The closest comparator that I have heard to these podcasts would be highly researched radio programs such as Radio 4 documentary. They take subjects and go into a detail that you could never get away with on TV. That said podcasting is by nature non-professional and if we were being harsh it would be possible to draw attention to
  • Absense of editorial balance
  • Lack of editing
  • A host notable for enthusiasm rather than radio manner
In terms of 'things being given away for free on the net' these are superb

Wednesday, September 20, 2006

Regarding Psmith

I've gone with another Psmith book
In fact pretty well the other Psmith book

Its non-traditional Wodehouse being an early work. The Psmith series, I would surmise, is aimed more at a Boys Own Paper kind of audience than his later books. Certainly 'in the City' seemed to relate all activities to the structure of a boys boarding school. Journalist is set in New York and is packed with comedy gangsters and Tammany Hall politicians.

I'm a big fan of the reader of this book - Jonathan Cecil.
So far as Wodehouse goes he rules.
The Blandings castle saga is up for grabs but from Ukridge to Wooster Jonathan Cecil is the man.
That said I'm English.
There are lots of American voices in this book.
I don't know but I suspect he isn't wonderful.
Nevertheless I'm still going with a universal 4, good but not great

Book: 4
Reading: 4
(Primary voice 4, Secondary voice 4, Ambience 4)

Ultimately all very good.
A warning though. I got this from Audible and the quality is really bad. I was using their 3 format. I haven't checked the 4 format but generally 3 is perfectly adequate the only noise being the original quality of recording. This was damn awful. I'll check it out 4 at some point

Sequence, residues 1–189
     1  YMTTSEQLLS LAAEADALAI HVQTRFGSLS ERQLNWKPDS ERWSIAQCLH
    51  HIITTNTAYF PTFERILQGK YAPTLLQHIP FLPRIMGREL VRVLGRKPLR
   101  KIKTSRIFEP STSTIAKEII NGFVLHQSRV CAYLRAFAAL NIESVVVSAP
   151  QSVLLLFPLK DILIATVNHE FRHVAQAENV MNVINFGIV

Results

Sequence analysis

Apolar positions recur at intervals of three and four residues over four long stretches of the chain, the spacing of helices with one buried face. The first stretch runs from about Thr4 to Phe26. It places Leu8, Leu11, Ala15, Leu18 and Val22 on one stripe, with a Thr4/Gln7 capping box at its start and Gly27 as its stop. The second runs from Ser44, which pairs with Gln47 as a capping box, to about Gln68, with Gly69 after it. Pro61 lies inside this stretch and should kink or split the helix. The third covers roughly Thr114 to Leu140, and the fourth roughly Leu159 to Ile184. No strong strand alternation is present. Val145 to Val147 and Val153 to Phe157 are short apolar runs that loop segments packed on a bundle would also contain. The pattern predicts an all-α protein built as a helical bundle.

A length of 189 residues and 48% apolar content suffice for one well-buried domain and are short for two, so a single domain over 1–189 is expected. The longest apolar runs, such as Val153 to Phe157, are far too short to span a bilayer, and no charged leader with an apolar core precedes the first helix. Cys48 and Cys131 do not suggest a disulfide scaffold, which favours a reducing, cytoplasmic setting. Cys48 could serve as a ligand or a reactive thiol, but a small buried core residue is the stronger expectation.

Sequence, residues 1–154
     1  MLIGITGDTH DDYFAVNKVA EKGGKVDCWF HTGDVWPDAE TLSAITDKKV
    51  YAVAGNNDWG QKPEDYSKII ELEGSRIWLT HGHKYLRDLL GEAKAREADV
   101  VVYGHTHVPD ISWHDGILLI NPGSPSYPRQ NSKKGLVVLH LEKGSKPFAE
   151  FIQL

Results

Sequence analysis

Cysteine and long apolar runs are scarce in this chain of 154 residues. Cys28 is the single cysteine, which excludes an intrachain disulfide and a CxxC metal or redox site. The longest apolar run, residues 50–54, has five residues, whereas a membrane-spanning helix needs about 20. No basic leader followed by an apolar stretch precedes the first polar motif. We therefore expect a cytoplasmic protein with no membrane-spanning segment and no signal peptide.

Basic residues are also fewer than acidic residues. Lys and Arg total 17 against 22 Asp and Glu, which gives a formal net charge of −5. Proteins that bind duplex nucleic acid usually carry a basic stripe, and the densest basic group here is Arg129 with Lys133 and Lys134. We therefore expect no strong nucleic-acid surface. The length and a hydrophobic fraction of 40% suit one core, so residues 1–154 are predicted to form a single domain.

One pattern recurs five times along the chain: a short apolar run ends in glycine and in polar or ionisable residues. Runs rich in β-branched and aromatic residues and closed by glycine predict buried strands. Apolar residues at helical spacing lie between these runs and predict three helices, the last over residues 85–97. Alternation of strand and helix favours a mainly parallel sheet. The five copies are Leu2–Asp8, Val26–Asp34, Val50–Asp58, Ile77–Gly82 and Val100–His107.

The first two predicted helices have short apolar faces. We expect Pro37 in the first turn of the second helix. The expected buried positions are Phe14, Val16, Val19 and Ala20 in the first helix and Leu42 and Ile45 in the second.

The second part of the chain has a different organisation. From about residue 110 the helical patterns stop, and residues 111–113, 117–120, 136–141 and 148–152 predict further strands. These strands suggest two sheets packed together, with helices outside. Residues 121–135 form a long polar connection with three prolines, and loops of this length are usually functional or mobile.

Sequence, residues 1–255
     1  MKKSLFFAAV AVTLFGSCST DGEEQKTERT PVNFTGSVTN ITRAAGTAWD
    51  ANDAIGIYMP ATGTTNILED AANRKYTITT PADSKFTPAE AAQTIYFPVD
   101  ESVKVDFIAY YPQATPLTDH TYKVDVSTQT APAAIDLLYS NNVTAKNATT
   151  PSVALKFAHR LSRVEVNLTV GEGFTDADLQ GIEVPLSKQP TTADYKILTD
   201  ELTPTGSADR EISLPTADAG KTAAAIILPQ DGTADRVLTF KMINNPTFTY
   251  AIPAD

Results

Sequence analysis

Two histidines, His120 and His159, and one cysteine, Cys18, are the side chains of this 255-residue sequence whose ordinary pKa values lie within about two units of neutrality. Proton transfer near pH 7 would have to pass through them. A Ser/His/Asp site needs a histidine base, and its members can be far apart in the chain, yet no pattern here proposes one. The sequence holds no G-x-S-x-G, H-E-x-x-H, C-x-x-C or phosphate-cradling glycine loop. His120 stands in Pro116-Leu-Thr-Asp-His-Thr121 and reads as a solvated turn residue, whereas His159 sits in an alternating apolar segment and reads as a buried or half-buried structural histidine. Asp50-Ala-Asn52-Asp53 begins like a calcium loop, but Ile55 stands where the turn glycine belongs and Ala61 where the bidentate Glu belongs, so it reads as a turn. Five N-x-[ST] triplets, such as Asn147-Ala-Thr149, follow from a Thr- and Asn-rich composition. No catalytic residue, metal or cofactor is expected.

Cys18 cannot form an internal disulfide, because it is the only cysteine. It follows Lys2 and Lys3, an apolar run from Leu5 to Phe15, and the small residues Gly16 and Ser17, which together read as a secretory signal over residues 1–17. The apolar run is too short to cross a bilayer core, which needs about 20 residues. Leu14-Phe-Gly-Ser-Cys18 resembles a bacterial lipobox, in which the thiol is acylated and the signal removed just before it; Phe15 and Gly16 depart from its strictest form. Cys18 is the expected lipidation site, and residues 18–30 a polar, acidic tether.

Tuesday, September 19, 2006

Story time

A point of variety is when people listen to audiobooks.
Top responses are
  • At the gym
  • Whilst doing housework
  • Whilst driving
In my case its all the above plus...
I simply answer to the general case that people are making...
Any time when the brain is partially, but far from fully occupied.
Audiobooks take up that extra fraction of brain that was otherwise getting bored. They are more stimulating than radio (at least most radio) but are less demanding than TV (both physically and mentally).
I don't listen when I'm composing words but otherwise audiobook-on is my default.

Monday, September 18, 2006

Regarding Memoirs

OK...inaccurate...more on this today
The point of the debate on first person narratives is Memoirs of a Geisha.
I downloaded this from Audible a few months ago and really liked it. For those few in this world that haven't read or listened to it the book is the story of a girl growing up as a geisha in Japan in the thirties and the war. Though it is fiction it has the ring of absolute authenticity but can include a plot that doesn't drag.
In other circumstances this would be positively the worse audiobook I've ever heard. The narrator sounds as though she had never heard of the English language until yesterday and had then decided to model her accent on a Speak-your-weight machine. Secondary characters are done in the style of a person who not only cannot act but cannot do impressions either. Nethertheless it works and I have a theory why...

The book has a preface saying something along the lines of
these memoirs were dictated to me by Nitta Sayuri as she sits in her chair drinking Japanese tea and a-yada-yada-yada
The book is set up as a story telling session.
It is set up to be two people sitting in a cosy room with one dictating in stilted English the story of her life to the other.
Additional voices would extend the audiobook beyond the realm of storytelling.
Now I was told that the film was terrible. Could this be the reason why?

First person narratives

Now... as example the following books...
  • Jane Eyre
  • PG Wodehouse's Jeeves series
  • The Time travellers wife
  • Memoirs of a Geisha
  • Catcher in the rye
  • The Eyre Affair
...these are all first person narratives.
Secondary characters strictly all speak through the main character.
Here's the question: Should they sound like it?
Now if you were making a movie of one of these books it would be more than a single character sitting in a room talking to the camera so my initial impulse was 'Hell No!'
A little reflection has tempered that to 'Largely No!' Audiobooks are a medium in their own right and have their own artistic code.
More on this tomorrow but for now ta-ta